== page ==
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The impact of ultrasound scan training on its usage among emergency personnel in Malaysian emergency departments


The use of ultrasound scan (USS) in Malaysian Emergency Departments (ED) began ten years ago but has increased exponentially over the last four years. The aim of our study is to determine the current training and usage of emergency ultrasound.


A questionnaire was distributed to 47 hospitals with Emergency Physicians (EP) in Malaysia. Questions included patient load, background on USS courses attended and frequency of ultrasound usage in clinical management.


29 hospitals responded including 15 general hospitals, 11 district hospitals and 3 university hospitals. All ED has at least 1 ultrasound machine.

In general hospitals, patient load ranged between 60,000 – 320,000 per year. Mean number of EPs is 4. Mean percentage of EPs who had attended any course is 79% (SD 27.8). In 7 hospitals, 100% had attended a course. In 1 hospital, the sole EP has not attended an USS course. The average percentage of Medical Officers (MO) who had attended an USS course is 41% (SD 17.7). In terms of frequency of USS usage, 80% cited usage of ‘very often’ and 20% cited ‘often’.

In district hospitals, patient load varied between 45,000 -130,000 per year. Most EDs had at least 1 EP. Except for one EP, all had attended an USS course. 35% of MOs had attended an USS course (SD 32.9). The frequency of use cited was 30% as ‘very often’ and 70% as ‘often’.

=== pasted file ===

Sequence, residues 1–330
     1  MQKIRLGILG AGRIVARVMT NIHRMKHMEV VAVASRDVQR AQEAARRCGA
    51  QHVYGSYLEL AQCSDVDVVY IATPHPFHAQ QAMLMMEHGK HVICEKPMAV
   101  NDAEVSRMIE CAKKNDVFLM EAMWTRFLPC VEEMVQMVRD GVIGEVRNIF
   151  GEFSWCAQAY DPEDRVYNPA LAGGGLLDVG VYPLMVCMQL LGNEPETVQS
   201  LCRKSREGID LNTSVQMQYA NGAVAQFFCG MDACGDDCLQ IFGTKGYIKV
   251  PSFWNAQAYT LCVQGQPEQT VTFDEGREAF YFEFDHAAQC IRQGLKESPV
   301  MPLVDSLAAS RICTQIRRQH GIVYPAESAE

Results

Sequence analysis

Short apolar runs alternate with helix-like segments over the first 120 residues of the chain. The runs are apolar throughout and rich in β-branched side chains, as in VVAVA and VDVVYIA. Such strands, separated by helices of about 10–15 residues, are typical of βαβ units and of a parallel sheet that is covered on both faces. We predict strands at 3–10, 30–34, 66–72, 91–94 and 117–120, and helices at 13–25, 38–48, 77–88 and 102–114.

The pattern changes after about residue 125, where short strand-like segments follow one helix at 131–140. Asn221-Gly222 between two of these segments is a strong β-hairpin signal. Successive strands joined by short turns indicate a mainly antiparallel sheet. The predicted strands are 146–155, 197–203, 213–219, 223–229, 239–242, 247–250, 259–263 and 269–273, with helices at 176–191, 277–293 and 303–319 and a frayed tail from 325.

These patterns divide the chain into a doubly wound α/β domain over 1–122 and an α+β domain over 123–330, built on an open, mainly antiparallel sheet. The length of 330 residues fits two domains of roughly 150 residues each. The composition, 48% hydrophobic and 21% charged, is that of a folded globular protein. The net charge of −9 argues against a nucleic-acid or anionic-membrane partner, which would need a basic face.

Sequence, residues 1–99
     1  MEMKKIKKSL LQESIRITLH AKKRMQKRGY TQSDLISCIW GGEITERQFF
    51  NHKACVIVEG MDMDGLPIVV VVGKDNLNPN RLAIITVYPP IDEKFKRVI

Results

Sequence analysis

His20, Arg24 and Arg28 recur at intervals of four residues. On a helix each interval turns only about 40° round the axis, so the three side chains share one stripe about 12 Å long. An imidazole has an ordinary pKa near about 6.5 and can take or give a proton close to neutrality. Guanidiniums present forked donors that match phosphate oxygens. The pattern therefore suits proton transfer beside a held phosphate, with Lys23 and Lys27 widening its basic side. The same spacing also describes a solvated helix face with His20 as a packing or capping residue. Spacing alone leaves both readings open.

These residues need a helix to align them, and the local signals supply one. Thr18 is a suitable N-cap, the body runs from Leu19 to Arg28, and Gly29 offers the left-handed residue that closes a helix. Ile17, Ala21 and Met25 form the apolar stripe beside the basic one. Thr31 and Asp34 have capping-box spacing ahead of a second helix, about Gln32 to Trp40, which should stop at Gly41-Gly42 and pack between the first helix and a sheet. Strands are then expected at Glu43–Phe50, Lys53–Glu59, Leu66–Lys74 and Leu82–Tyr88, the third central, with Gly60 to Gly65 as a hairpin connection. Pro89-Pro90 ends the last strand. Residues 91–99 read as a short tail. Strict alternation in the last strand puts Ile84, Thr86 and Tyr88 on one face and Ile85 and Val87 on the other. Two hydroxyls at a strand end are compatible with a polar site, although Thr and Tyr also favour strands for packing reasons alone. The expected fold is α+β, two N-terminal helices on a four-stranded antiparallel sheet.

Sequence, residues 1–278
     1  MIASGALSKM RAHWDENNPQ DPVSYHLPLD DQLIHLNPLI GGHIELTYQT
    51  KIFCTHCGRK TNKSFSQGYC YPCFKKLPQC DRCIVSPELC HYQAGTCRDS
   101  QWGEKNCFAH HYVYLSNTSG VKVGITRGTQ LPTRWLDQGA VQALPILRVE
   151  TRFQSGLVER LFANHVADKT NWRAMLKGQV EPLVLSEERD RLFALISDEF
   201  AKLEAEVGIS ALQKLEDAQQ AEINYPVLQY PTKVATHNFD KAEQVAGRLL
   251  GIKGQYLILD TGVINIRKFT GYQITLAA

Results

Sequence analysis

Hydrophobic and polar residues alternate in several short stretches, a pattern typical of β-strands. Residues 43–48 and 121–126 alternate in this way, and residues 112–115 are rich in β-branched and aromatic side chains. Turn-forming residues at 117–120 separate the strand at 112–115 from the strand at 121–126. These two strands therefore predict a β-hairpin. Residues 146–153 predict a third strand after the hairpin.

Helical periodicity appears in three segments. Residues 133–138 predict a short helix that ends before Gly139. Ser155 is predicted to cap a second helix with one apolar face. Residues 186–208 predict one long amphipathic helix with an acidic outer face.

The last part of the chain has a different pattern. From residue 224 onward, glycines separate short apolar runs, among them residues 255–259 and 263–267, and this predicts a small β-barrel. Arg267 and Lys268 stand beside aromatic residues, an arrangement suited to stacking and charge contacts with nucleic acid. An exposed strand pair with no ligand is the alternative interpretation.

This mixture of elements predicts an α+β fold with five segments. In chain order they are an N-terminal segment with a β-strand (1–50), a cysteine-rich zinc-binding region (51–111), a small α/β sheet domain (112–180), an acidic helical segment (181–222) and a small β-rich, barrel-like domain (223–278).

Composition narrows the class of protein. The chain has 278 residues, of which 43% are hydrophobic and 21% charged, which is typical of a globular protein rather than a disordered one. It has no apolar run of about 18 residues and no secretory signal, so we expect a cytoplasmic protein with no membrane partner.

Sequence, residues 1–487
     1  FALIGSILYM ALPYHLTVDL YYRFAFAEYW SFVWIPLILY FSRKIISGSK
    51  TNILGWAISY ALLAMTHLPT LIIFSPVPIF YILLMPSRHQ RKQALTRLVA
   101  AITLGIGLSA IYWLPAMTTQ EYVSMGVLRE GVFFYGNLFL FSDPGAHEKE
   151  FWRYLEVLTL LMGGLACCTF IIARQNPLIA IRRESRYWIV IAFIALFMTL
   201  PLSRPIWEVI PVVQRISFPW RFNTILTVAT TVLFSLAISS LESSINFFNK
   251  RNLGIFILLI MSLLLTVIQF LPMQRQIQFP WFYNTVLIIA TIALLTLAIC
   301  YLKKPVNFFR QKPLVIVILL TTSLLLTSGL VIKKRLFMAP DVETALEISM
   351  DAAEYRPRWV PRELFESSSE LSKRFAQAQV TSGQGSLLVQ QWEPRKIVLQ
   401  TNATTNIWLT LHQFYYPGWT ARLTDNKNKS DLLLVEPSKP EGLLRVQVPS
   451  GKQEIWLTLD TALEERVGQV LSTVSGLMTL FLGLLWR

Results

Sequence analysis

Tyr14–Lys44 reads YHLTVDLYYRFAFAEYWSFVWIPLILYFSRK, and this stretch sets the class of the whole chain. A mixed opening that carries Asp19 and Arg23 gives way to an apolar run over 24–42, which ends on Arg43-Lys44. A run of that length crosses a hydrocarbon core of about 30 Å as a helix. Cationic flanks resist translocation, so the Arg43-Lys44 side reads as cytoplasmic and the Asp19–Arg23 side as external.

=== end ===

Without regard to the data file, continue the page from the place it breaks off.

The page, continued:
Whilst in university hospitals, patient load was between 65,000 – 100,000 patients per year. The mean number of EPs was 11. An average of 53% of EPs had attended an USS course, but only 26% of MOs had attended a similar course. In terms of frequency of use, 67% cited ‘very often’ and 33% cited ‘often’.

All agreed that USS changed their clinical management significantly.


Across the different hospital settings in Malaysia, all cited that USS is used ‘often’ and ‘very often’. However, there are more EPs and MOs in general hospital that has been trained in USS compared to university setting. This is in contrast with the study in California (2009) where most ED do not use ultrasound and academic EDs used it more than community EDs. The issue now is the credentialing process is not fully determined.

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Noor, J., Salleh, F. The impact of ultrasound scan training on its usage among emergency personnel in Malaysian emergency departments. Crit Ultrasound J 6 (Suppl 1), A24 (2014).

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